RE: “I Just Need A Programmer”

A few weeks ago Eugene Wallingford, a friend of mine and Comp. Sci. department head at the University of Northern Iowa, wrote an interesting article on his interactions with entrepreneurs.

It was a fun read, especially since I know exactly where he is coming from. As a student involved with entrepreneurship, I meet and encourage many of the entrepreneurs he talks about. When I first started working with other students I tried to give them a glimpse of the tech world, but I quickly stopped that.

I stopped primarily because they were not interested. Most of them don’t think they’ll have to work on the software at all — that’s what programmers are for! However, the lack of even basic software knowledge is a show stopper for many most and a serious limitation for some. It is hard to innovate when you work with the cheapest programmer possible and you don’t know how to update your own web site for simple text changes. Many of them say they’ll learn if they absolutely have to, but even when it is immediately apparent that that is required most of them take no steps towards learning.

This lack of technical understanding tends to be very important. To many software engineers, programming is art; it is creation, in a pure sense, like painting or making music. Without that knowledge and understanding the programming seems like an inconvenient to-do list item.

Even more critical is the fact that these entrepreneurs aren’t aware of what is or isn’t technically feasible, nor are they aware of how much effort or money things may require. More often then not I see this limiting them to small ideas instead of ideas that are too ambitious. It is hard to be ahead of the curve if you don’t know where the edge of the curve is. For example, the unknowing look at our software and think it is cutting edge. Truly our service is, but the software behind it is not. I, like many tech entrepreneurs, sometimes walk around with a goofy grin because I can’t hardly believe what I’m getting away with. If other programmers saw our backend we would all have a hearty, joyous laugh.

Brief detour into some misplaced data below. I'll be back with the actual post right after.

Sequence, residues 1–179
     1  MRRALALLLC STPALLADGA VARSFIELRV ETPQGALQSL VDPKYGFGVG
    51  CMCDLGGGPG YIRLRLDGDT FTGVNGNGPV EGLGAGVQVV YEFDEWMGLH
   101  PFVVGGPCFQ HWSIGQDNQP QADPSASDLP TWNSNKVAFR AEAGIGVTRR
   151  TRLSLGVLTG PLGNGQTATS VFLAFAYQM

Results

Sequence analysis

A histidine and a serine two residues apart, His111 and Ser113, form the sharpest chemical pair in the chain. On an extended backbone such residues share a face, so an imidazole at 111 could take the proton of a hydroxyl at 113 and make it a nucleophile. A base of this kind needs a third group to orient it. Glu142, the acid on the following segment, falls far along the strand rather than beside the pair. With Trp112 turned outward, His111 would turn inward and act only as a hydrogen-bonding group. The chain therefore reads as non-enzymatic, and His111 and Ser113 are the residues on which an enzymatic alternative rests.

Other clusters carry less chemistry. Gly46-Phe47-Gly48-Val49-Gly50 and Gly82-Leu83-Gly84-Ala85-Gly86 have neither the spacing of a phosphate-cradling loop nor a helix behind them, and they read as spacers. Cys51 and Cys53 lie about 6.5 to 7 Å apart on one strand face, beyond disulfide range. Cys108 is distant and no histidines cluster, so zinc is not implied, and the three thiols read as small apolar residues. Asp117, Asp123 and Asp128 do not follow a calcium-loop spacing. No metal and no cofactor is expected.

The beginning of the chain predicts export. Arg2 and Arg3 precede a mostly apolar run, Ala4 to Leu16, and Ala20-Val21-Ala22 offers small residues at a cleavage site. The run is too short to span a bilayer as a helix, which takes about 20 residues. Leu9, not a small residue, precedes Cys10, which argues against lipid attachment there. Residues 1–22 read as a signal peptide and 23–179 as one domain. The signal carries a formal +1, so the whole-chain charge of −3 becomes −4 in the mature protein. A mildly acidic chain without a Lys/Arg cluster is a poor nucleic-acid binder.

As a techie, observing these entrepreneurs can be frustrating and amusing. Open source software has made so many things possible, including a surprising amount of flexibility in designing web sites without the need for programming. All of these entrepreneurs I work with are smart and could learn some of these simple things, but, as Wallingford says, they are “idea people”. There seems to be a disconnect between the thinking and the doing. They do indeed act like the idea is the important part and execution is just an expensive step towards success.

Now days I try to act more as a sounding board. I like to talk out ideas with people, and offer suggestions. I never set out to be a dream killer, so I (usually) keep my doubts to myself. This is important for a number of reasons. In the beginning, it is all about passion. If you lose it, your startup dies overnight. Also, most of them don’t yet know how inherently worthless their idea probably is in its current form, and informing them at the earliest of stages is a disservice. This may sound overly critical, but I was (and probably still am) part of the same disillusioned crowd. Book Hatchery evolved over the better part of a year, and my original ideas and software are all but scrapped by this point. I think Paul Graham sums up ideas nicely in his essay How To Start A Startup: